‘Frozen’ rekindles the spirit of Disney animation magic
You have to forgive me for being just a bit hesitant over seeing “Frozen.” I admit, I had no desire to see another aptly titled animated Disney picture reveling in the company’s frozen fairy tale ideals of princes, princesses and queens from a time long forgotten. Somehow, though, “Frozen” managed to thaw my preconceived misgivings with an amazingly bubbly energy synched with outstanding musical numbers and absolutely stunning 3-D animation.
I’m not kidding about that gorgeous animation. From the stunningly detailed crystalline snowflakes to the grandiose structures of set pieces, we’re enveloped in the reality of just how breathtaking frozen water can be.
Disney’s “Frozen,” directed by Chris Buck and Jennifer Lee, opens with two young princesses in the kingdom of Arendlle: Anna and older sister Elsa, beautifully voiced by KristenBell and Idina Menzel, respectively. Pulling some from Hans Christian Andersen’s beloved “The Snow Queen,” our princesses have different fates in life. Anna is a precious little ball of energy who grows into a wonderful woman. Elsa, however, has been gifted with a curse: whenever her emotions run wild, she’s capable of creating ice ranging from icicles to, when she becomes queen, dousing her kingdom’s radiant summer into a stark, freezing winter.
“Frozen” blasts off right from the get-go, introducing perfunctory plot points establishing time, place and why. It’s not particularly developed, but the point of the exercise is to show the overwhelming differences between the sisters. It also introduces the first of many excellent songs granting infectious energy to the film.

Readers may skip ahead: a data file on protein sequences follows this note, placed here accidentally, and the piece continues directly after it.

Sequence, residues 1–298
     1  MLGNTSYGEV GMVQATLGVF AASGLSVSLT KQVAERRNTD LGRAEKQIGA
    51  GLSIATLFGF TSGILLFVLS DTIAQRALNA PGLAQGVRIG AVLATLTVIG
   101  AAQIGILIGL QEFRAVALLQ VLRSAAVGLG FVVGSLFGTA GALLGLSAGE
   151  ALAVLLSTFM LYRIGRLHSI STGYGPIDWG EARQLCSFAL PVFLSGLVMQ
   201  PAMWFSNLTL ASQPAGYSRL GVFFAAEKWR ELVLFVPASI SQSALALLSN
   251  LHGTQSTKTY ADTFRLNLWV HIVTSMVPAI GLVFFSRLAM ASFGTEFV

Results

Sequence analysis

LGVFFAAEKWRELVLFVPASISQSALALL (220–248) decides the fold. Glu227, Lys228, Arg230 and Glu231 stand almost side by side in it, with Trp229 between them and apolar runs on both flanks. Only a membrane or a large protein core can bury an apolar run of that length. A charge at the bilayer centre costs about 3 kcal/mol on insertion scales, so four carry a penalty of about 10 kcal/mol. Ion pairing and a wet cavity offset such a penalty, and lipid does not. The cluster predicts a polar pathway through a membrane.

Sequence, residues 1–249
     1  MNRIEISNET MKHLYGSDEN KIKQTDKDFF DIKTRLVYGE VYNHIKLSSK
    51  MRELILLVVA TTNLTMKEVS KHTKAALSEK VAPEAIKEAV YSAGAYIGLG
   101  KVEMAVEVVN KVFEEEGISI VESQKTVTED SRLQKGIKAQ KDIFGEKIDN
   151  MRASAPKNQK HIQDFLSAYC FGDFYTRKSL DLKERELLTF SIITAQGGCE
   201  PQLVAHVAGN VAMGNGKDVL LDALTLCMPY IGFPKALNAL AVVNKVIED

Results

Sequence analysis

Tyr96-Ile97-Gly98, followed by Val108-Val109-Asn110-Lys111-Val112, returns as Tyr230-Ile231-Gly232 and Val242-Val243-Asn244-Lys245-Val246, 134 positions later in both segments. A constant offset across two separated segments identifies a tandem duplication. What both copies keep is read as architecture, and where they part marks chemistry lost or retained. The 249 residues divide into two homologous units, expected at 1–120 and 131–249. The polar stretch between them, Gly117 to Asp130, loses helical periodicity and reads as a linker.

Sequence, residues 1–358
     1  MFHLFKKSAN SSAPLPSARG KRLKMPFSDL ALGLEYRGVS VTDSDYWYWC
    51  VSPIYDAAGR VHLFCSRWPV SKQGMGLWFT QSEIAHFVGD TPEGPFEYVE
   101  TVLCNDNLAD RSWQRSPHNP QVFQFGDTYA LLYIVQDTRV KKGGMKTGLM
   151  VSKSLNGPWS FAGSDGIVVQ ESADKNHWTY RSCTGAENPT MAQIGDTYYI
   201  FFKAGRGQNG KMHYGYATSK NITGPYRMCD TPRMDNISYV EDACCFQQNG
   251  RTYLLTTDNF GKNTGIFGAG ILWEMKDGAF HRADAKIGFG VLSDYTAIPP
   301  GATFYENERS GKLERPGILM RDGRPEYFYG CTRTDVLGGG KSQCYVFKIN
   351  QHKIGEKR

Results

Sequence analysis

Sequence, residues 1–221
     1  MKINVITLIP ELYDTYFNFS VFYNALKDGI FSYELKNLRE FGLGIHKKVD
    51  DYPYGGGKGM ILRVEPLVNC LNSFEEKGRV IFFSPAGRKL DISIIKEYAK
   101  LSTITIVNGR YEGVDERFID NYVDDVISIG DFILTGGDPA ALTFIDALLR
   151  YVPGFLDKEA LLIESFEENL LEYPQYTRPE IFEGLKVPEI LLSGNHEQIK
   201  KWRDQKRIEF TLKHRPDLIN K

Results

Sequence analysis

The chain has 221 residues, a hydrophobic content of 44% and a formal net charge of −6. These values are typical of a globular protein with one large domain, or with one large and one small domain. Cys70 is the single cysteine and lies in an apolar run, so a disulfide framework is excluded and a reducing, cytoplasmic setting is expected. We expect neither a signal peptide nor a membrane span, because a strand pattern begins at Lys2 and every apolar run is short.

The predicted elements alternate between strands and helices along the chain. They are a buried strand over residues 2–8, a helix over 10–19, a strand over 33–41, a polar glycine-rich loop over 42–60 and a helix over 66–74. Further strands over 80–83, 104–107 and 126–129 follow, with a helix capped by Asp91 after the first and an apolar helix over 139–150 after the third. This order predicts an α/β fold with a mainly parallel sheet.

Anna, being the optimist she is, quickly falls head over heels for the generically handsome prince Hans. Elsa, finding herself unable to contain her potentially lethal gift, leaves the kingdom to a snow-covered mountaintop, hoping she’ll do her subjects no further harm. The premise of the rest of the story revolves around Anna’s journey to find her sister and save her home from an eternal winter.
As with an animated Disney movie, comic relief isn’t far behind. In “Frozen,” we meet several characters worthy of a few laughs including: Kristoff, who cuts and sells ice for a living (you can see the problem here); Kristoff’s reindeer, Sven, who’s mute but intelligent; and a dorky snowman, Olaf, who has a striking resemblance to Mr. Potato Head for his ability to detach and reassemble his body parts. A creation of Elsa, Olaf doesn’t seem to understand that heat is not going to be friendly to him. Dangerous, yes, but we do get another great song-and-dance in which Olaf dreams of a radiant summer.
For all its strengths, though, “Frozen” can hardly fall into the group of Disney classics produced in the ’90s. We have just a few too many battles with troll-like creatures. Elsa’s guardian, a giant snowman named Marshmallow, is something we could have done without. The dual connection Anna has with Olaf and Hans tends to blur the story’s focus. And in the end, we’re missing a true villain. (Just remember “Tangled” for a villain worth despising.)
Still, “Frozen” hits its mark when distilled to its emotional core. Surprises will be had, though Anna will not be one of them. She’s just as happy-go-lucky as she seems. Prince Hans, though, is a bit more complicated. It’s Elsa, though, whose complexity and plight will sing to (and with) you. From the perfectionist young girl she was to the conflicted young adult she becomes, with a power she fears, Elsa is a different kind of heroine. That’s OK. A different hero for a different time is just what we need.
Four ice-thawing stars out of five.